Social reconstruction defines a philosophy that promotes peaceful coexistence and unity within a population using nonviolent ways to settle disputes. It aims to address past abuses through reconciliation and strengthen the appreciation of differences among people in a community. The main theory behind social reconstruction suggests the development of a national identity through cooperative communities to prevent people from resorting to violence when differences arise.
These philosophies emerged in the early 1900s as countries addressed the social disruption caused by World War I. The trauma suffered during the war led to a quest for pacifism and discussion about ideals of international respect between countries. War reparations represented a form of reconciliation included in peace treaties.
Social reconstruction promotes social recovery after conflict by sharing a vision for the future based on mutual respect, the reduction of prejudice, and increased understanding of human fragilities. Proponents of the theory believe wounds can be healed when the concept of human rights becomes the focus in every community. They also profess the way to safeguard worldwide peace through tolerance after a war occurs.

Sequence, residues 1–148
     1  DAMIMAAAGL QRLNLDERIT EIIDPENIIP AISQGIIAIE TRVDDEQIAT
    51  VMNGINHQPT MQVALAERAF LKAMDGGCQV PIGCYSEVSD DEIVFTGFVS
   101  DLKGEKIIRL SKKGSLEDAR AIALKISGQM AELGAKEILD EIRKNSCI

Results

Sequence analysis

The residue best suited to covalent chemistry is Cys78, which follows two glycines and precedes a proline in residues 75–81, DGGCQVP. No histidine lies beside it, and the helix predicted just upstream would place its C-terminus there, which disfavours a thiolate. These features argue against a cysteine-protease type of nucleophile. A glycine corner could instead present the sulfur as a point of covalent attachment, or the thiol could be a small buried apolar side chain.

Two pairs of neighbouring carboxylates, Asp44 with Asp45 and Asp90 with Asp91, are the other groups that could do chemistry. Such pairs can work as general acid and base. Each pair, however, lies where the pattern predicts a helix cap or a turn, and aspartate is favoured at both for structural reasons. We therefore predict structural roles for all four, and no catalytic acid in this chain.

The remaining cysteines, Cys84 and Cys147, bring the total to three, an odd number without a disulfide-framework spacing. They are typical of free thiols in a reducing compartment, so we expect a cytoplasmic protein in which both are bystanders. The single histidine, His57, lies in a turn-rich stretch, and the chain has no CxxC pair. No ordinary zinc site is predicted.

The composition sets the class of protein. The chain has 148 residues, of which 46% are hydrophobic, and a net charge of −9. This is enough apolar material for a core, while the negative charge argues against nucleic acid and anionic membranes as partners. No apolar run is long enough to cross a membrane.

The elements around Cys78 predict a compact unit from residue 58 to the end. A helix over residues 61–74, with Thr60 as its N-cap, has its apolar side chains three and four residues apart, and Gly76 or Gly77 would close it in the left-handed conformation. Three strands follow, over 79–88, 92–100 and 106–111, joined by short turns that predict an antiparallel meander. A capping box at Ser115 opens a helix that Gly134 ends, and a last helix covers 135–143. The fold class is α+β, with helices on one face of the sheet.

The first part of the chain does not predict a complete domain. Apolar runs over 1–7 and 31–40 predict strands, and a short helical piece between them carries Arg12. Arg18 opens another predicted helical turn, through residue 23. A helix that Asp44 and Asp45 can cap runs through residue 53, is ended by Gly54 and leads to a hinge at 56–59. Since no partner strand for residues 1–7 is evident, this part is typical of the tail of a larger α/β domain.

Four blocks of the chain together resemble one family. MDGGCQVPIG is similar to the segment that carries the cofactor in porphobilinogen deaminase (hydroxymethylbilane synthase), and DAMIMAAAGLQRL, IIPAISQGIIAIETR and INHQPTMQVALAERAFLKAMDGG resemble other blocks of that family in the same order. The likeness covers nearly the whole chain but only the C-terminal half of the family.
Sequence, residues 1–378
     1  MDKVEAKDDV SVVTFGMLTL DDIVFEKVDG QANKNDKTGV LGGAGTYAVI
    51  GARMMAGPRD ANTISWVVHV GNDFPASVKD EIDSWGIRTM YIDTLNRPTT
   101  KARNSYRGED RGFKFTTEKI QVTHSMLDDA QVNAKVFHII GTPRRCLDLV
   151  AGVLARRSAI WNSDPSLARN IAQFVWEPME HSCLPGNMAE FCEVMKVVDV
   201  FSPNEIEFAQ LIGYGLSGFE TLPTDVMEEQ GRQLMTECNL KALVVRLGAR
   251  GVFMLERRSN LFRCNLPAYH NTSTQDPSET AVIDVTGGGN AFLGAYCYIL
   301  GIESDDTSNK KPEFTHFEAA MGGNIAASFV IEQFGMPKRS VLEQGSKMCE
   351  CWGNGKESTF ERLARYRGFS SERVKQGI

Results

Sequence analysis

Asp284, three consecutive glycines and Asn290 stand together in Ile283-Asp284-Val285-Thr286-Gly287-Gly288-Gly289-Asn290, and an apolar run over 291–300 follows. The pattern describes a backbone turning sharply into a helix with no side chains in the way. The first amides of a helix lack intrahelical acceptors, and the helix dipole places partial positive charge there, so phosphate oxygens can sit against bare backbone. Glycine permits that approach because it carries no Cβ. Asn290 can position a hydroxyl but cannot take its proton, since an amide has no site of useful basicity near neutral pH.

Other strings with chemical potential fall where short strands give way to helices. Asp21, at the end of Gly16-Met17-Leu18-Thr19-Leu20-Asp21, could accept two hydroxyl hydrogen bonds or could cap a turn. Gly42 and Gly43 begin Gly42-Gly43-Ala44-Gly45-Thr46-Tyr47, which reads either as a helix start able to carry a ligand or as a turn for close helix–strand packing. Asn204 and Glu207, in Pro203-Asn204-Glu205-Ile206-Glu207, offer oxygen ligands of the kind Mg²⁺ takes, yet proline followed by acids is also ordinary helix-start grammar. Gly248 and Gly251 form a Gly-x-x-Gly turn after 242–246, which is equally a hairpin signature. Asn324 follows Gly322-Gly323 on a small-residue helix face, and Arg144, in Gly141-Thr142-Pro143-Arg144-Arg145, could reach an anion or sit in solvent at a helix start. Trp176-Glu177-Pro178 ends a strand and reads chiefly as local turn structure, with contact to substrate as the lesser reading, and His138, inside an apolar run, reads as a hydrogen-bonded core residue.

The survival of society is threatened by traditional methods of solving problems, according to reconstruction theories of the era. When cohesive communities share a vision for peace and equality after a conflict, it prevents future disputes, they believe. Many who worked toward social reconstruction touted education as the key to help people understand their shortcomings and create societies based on justice for all.
Social reconstruction identifies many ills that need to be addressed to create healthy societies. They include racism, poverty, unemployment, crime, and political corruption, among others. National institutions are not effective in addressing or recognizing how these problems might lead to the demise of entire populations, the theory states.
The solution promoted re-educating citizens until they understood their contributions to fragmented communities, were able to envision a society without these issues, and made their visions reality. The Progressive Education Movement surfaced in 1890 to address social reconstruction efforts. It promoted citizen participation via transforming individual preferences into ideals based on respect, compassion, and equality.
This child-centered form of education peaked in the 1930s, during the Great Depression in the United States. Educators began fostering independent thinking and creativity to solve problems. Progressive education replaced former methods of teaching using rote memorization and obedience to authority as primary concepts.